Richard Corliss and David Kipen have argued that writing is more important to a film's success than the directing. In his 2006 book, Kipen coined the term Schreiber theory to refer to the theory that the screenwriter is the principal author of a film.
Film historian Georges Sadoul pointed out that the main author of a film is not necessarily the director, but can be the main actor, screenwriter, producer, or even the author of the original story (in case of literary adaptations). Also, he argued that the film can be seen only as a work of a collective and not as a work of a single person. Film historian Aljean Harmetz, referring to the creative input of producers and studio executives in classical Hollywood, argues that the auteur theory "collapses against the reality of the studio system".
Some criticize the auteur theory, and the practice of praising auteurs, for being male-dominated. Writing for IndieWire in 2013, Maria Giese noted that pantheons of auteur directors rarely included a single woman. One study says this is merely a result of the broader lack of women directors; for example, in 2016 just 7% of all directors for the top 250 grossing movies were women.
There are references in law, where a directed film is treated as a work of art and the auteur, as the creator of the film, is the original copyright holder. Under European Union law, the film director is considered the author or one of the authors of a film, largely as a result of the influence of auteur theory.
The references of auteur theory are occasionally applied to musicians, musical performers and music producers. From the 1960s, record producer Phil Spector is considered the first auteur among producers of popular music. Author Matthew Bannister named him the first "star" producer. Journalist Richard Williams wrote:
Spector created a new concept: the producer as overall director of the creative process, from beginning to end. He took control of everything, he picked the artists, wrote or chose the material, supervised the arrangements, told the singers how to phrase, masterminded all phases of the recording process with the most painful attention to detail, and released the result on his own label.
Another early pop music auteur was the producer-songwriter Brian Wilson, who himself was mentored by Spector. Wilson was one of the first recording artists allowed to act as an entrepreneurial producer, a position he attained thanks to his immediate success with the Beach Boys after signing to Capitol Records in 1962. Before the progressive pop of the late 1960s, performers were typically unable to decide on the artistic content of their music. Wilson became the first rock producer to use the studio as a discrete instrument, thus making the Beach Boys one of the first rock groups to exert studio control. Music producers after the mid 1960s would draw on his influence, setting a precedent that allowed bands and artists to enter a recording studio and act as producers, either autonomously, or in conjunction with other like minds. Discussing the Beach Boys' 1966 album Pet Sounds for The Atlantic, Jason Guriel wrote that Brian Wilson anticipated later auteurs such as Kanye West, as well as "the rise of the producer" and "the modern pop-centric era, which privileges producer over artist and blurs the line between entertainment and art. ... Anytime a band or musician disappears into a studio to contrive an album-length mystery, the ghost of Wilson is hovering near."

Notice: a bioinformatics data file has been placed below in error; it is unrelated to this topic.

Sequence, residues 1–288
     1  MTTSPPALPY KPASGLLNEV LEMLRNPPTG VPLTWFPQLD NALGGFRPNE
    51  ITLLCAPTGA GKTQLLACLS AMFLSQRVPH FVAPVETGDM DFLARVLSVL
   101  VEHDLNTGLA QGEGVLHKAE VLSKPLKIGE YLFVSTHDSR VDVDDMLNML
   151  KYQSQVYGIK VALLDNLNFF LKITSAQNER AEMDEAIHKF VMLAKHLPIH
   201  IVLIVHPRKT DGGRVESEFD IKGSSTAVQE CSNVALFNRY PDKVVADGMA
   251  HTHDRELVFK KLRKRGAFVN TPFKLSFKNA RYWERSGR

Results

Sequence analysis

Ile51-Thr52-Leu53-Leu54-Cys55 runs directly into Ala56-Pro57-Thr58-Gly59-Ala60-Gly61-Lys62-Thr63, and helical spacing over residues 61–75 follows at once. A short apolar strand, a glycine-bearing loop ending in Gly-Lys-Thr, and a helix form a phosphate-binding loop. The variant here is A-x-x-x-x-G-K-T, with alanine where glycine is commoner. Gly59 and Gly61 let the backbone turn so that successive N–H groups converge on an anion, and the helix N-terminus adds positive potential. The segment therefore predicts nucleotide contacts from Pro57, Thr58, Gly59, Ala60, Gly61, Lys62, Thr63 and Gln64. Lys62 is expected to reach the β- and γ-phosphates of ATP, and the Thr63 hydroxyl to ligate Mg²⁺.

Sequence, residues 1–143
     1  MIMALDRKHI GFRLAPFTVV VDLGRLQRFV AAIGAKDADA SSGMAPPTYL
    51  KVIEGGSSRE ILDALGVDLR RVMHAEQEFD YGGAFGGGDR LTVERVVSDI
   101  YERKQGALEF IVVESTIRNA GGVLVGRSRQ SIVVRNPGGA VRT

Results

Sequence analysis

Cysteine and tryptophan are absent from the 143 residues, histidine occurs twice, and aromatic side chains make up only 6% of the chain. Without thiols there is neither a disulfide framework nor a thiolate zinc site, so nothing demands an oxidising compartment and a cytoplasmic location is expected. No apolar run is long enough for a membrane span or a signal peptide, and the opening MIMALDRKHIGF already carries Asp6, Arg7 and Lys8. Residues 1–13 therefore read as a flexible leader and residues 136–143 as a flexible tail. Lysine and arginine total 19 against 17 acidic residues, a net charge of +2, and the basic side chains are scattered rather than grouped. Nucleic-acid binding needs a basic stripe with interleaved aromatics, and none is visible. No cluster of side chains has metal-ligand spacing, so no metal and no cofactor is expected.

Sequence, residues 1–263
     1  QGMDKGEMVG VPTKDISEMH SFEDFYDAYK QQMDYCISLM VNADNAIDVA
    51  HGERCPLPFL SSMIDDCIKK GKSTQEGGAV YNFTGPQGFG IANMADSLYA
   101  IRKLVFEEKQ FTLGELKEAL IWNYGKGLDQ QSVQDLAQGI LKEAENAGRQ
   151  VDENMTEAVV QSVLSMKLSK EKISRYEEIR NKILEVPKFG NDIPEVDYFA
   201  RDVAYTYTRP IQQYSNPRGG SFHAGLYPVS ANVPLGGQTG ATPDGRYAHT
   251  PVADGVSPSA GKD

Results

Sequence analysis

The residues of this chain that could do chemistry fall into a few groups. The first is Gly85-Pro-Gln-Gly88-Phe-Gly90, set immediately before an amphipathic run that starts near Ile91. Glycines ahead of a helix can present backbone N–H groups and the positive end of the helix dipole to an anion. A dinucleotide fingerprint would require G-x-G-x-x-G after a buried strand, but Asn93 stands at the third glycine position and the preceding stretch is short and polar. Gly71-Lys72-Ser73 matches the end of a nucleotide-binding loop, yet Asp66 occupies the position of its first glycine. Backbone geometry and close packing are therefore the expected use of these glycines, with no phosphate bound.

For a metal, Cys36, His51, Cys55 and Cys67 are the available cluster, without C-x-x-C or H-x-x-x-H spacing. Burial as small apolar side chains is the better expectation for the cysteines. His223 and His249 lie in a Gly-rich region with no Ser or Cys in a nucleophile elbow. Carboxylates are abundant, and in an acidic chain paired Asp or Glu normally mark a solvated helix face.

In broadening the use of the terms associated with auteur theory, it has also been applied to the audio-visual environment as encountered in video games. Japanese developer Hideo Kojima (Metal Gear series) is considered to be the first auteur of video games. Those who have been described as auteurs from Japan include Tetsuya Nomura (Final Fantasy, Kingdom Hearts series), Fumito Ueda (Ico, Shadow of the Colossus, The Last Guardian), Shigeru Miyamoto (Mario series, The Legend of Zelda series), Goichi "Suda51" Suda (Killer7, No More Heroes series), Hidetaka Miyazaki (Souls series), Hironobu Sakaguchi (Final Fantasy series creator), Yu Suzuki (Out Run, After Burner series, Virtua Fighter series, Shenmue series), Yasumi Matsuno (Ogre Battle, Vagrant Story, Final Fantasy Tactics series), Yoko Taro (Drakengard/Nier Series), Keita Takahashi (Katamari Damacy) and Kazunori Yamauchi (Gran Turismo series).
In North America, there have been numerous special video game designers whose games encompassed a wide range of genres. They include Tim Schafer (Grim Fandango, Psychonauts), and Ken Levine (Bioshock, Bioshock: Infinite). Moreover, the auteurs of the time from Europe include Ragnar Tørnquist (Dreamfall: The Longest Journey), Éric Chahi (Another World), and Jeff Minter (Gridrunner, Attack of the Mutant Camels, Tempest 2000).